Section View Test: Engineering Quiz!

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| By Mjames
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Mjames
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Quizzes Created: 2 | Total Attempts: 1,922
Questions: 15 | Attempts: 1,820

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Section View Test: Engineering Quiz! - Quiz

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Questions and Answers
  • 1. 

    • A.

      Full Section

    • B.

      Half Section

    • C.

      Quarter Section

    • D.

      Offset Section

    • E.

      Removed Section

    • F.

      Rotated Section

    • G.

      Revolved Section

    • H.

      Broken-out Section

    Correct Answer
    A. Full Section
  • 2. 

    • A.

      Full Section

    • B.

      Half Section

    • C.

      Quarter Section

    • D.

      Offset Section

    • E.

      Removed Section

    • F.

      Rotated Section

    • G.

      Revolved Section

    • H.

      Broken-out Section

    Correct Answer
    B. Half Section
  • 3. 

    • A.

      Full Section

    • B.

      Half Section

    • C.

      Quarter Section

    • D.

      Offset Section

    • E.

      Removed Section

    • F.

      Rotated Section

    • G.

      Revolved Section

    • H.

      Broken-out Section

    Correct Answer
    D. Offset Section
  • 4. 

    • A.

      Removed Section

    • B.

      Rotated Section

    • C.

      Revolved Section

    • D.

      Offset Section

    • E.

      Broken-out Section

    • F.

      Offset Section

    • G.

      Half Section

    • H.

      Full Section

    Correct Answer
    A. Removed Section
  • 5. 

    • A.

      Removed Section

    • B.

      Rotated Section

    • C.

      Revolved Section

    • D.

      Offset Section

    • E.

      Broken-out Section

    • F.

      Offset Section

    • G.

      Half Section

    • H.

      Full Section

    Correct Answer
    B. Rotated Section
  • 6. 

    • A.

      Removed Section

    • B.

      Rotated Section

    • C.

      Revolved Section

    • D.

      Offset Section

    • E.

      Broken-out Section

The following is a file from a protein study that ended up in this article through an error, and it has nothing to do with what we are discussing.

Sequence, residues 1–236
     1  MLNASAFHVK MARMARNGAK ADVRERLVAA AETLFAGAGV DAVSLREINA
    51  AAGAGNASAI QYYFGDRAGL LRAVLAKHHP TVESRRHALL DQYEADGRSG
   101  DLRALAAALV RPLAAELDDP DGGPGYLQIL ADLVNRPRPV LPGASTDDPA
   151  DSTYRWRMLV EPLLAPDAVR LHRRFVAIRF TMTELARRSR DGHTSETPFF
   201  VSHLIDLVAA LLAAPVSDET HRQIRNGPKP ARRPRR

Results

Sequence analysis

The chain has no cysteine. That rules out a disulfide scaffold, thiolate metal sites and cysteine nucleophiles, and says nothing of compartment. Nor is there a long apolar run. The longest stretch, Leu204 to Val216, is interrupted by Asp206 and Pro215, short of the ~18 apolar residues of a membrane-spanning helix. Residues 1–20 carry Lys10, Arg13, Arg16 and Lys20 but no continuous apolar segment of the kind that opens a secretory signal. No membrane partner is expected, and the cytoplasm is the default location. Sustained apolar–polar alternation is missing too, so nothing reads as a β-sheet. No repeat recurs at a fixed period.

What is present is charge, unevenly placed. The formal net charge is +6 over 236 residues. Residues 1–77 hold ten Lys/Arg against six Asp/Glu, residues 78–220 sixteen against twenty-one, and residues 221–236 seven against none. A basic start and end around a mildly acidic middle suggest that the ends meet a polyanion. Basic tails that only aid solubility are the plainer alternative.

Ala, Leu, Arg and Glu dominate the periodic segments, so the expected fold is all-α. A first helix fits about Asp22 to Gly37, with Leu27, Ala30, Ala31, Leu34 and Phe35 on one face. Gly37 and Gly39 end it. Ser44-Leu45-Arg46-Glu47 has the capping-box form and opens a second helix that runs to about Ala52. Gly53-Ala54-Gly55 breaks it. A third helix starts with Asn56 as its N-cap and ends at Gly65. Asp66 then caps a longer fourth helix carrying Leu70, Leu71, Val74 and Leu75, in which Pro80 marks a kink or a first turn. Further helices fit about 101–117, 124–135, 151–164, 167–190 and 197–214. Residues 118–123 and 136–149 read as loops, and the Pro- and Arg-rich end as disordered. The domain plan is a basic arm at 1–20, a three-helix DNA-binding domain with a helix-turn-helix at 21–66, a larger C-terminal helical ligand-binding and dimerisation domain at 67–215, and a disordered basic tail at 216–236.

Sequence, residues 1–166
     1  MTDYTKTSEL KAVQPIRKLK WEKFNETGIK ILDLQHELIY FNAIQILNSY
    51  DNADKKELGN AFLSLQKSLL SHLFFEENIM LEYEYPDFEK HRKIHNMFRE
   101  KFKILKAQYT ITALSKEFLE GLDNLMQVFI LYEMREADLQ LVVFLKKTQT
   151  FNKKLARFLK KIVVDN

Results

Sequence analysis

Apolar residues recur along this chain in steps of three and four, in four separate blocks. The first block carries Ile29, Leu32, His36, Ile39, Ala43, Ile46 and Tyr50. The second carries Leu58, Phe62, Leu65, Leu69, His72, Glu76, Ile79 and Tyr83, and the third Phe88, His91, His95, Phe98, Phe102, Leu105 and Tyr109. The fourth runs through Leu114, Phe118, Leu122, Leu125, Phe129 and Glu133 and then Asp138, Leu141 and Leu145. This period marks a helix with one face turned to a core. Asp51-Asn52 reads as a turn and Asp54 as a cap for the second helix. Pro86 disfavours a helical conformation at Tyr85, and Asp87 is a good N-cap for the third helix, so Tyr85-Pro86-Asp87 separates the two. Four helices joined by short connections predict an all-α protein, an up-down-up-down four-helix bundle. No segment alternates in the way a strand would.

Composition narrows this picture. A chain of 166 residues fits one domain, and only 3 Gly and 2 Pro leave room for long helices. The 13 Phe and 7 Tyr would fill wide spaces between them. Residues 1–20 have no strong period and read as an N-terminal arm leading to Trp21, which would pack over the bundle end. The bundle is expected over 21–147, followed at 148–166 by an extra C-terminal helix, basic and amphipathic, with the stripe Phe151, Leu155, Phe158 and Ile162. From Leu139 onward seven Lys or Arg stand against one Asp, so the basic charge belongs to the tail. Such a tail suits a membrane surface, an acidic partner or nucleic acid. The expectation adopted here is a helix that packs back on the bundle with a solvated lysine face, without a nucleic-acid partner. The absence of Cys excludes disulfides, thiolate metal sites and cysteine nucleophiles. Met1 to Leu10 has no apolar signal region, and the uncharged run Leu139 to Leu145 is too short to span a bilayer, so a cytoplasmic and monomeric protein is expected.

• F.

      Offset Section

    • G.

      Half Section

    • H.

      Full Section

    Correct Answer
    C. Revolved Section
  • 7. 

    • A.

      Removed Section

    • B.

      Rotated Section

    • C.

      Revolved Section

    • D.

      Offset Section

    • E.

      Broken-out Section

    • F.

      Offset Section

    • G.

      Half Section

    • H.

      Full Section

    Correct Answer
    E. Broken-out Section
  • 8. 

    What is the purpose of drawing section views?

    • A.

      To show the true size and shape of an object.

    • B.

      To show the true size and shape of holes.

    • C.

      To show what an object would look like without hidden lines.

    • D.

      To show the inside details of complicated parts that would be confusing with hidden lines.

    Correct Answer
    D. To show the inside details of complicated parts that would be confusing with hidden lines.
    Explanation
    Section views are used to display the internal details of complex objects that would otherwise be difficult to understand with hidden lines. By cutting through the object and removing the portion in front, section views provide a clear and unobstructed view of the internal features, such as intricate parts, assemblies, or mechanisms. This helps in better visualization, analysis, and comprehension of the object's internal structure, improving communication and facilitating manufacturing processes.

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  • 9. 

    What parts on a section view are not sectioned (hatched)?

    • A.

      Chamfers

    • B.

      Holes

    • C.

      Rounds

    • D.

      Fillets

    Correct Answer
    B. Holes
    Explanation
    In a section view, the parts that are not sectioned or hatched are the holes. This means that the holes are shown in their true shape and size without any cross-hatching to indicate the cutaway section. The other options, such as chamfers, rounds, and fillets, are typically shown with cross-hatching to indicate that they have been sectioned.

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  • 10. 

    On a section view, what do we call the lines used to show where the material was “cut through”?

    • A.

      Object lines

    • B.